Speaking to the National Association of Realtors (NAR), Consumer Financial Protection Bureau (CFPB) Director Richard Cordray said the new mortgage regulations that take effect today, Jan. 10, 2014 will protect consumers from the type of risky loan products that contributed to The Great Recession and housing bubble. Reminding NAR members of their responsibility to, and proximity with, consumers, he said, “The Ability-to-Repay rule is straightforward. It provides strong new consumer protections while preserving needed access to mortgage credit.” And this: “Those lenders that have long upheld strong underwriting standards have little to fear from the Ability-to-Repay rule. Qualified mortgages cover the vast majority of loans made in today’s market.” The borrower cannot have a debt-to-income ratio greater than 43 percent to qualify for the QM rule, and the mortgage cannot have features that allow negative amortizing requiring the borrower to pay more each month than the month before.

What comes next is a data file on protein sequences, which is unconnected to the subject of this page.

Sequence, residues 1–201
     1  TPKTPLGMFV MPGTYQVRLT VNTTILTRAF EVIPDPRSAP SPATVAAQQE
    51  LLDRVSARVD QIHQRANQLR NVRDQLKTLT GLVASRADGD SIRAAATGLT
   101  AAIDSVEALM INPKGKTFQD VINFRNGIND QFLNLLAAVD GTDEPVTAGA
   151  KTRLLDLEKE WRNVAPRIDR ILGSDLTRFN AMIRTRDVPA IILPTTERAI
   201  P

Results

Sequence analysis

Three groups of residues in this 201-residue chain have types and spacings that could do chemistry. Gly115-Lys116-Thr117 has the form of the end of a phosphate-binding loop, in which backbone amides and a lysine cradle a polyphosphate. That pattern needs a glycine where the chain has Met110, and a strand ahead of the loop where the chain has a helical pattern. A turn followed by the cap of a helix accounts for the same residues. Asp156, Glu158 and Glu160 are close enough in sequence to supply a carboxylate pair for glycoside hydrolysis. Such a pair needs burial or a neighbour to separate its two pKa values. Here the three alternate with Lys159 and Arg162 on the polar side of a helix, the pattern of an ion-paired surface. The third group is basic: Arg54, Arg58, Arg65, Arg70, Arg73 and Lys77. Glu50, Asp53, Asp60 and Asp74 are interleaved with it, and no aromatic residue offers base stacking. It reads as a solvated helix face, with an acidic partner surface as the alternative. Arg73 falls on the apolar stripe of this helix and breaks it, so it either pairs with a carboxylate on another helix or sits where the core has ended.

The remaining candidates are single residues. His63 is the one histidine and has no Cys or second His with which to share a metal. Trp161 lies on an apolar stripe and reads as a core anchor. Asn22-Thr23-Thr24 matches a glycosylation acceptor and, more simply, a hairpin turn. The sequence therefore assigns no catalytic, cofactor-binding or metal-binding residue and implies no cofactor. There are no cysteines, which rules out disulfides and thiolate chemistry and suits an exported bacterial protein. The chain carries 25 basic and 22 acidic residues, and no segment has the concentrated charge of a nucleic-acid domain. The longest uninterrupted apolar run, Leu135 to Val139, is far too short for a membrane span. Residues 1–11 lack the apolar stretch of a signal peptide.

In response, the NAR, while welcoming the more transparent lending environment, said the three percent cap on points and fees unfairly discriminates against real estate affiliated lenders. At a panel discussion following Cordray’s talk, Jeff Kibbey of Century Mortgage Company said the new rule would reduce lending by ten percent. Ann Schnare, principal at AB Schnare, LLP said some of the guidelines do not allow for flexibility that may be needed for future generations as the lending market changes. Lawrence Yun, NAR’s chief economist noted access to credit is a huge issue in the site-built homes industry, and as MHProNews understands so well, in the manufactured housing industry as well. Barry Zigas of the Consumer Federation of America (CFA) said the ability-to-repay a loan will now be the most important factor in determining whether loan goes through.
(Image credit: housingwire.com)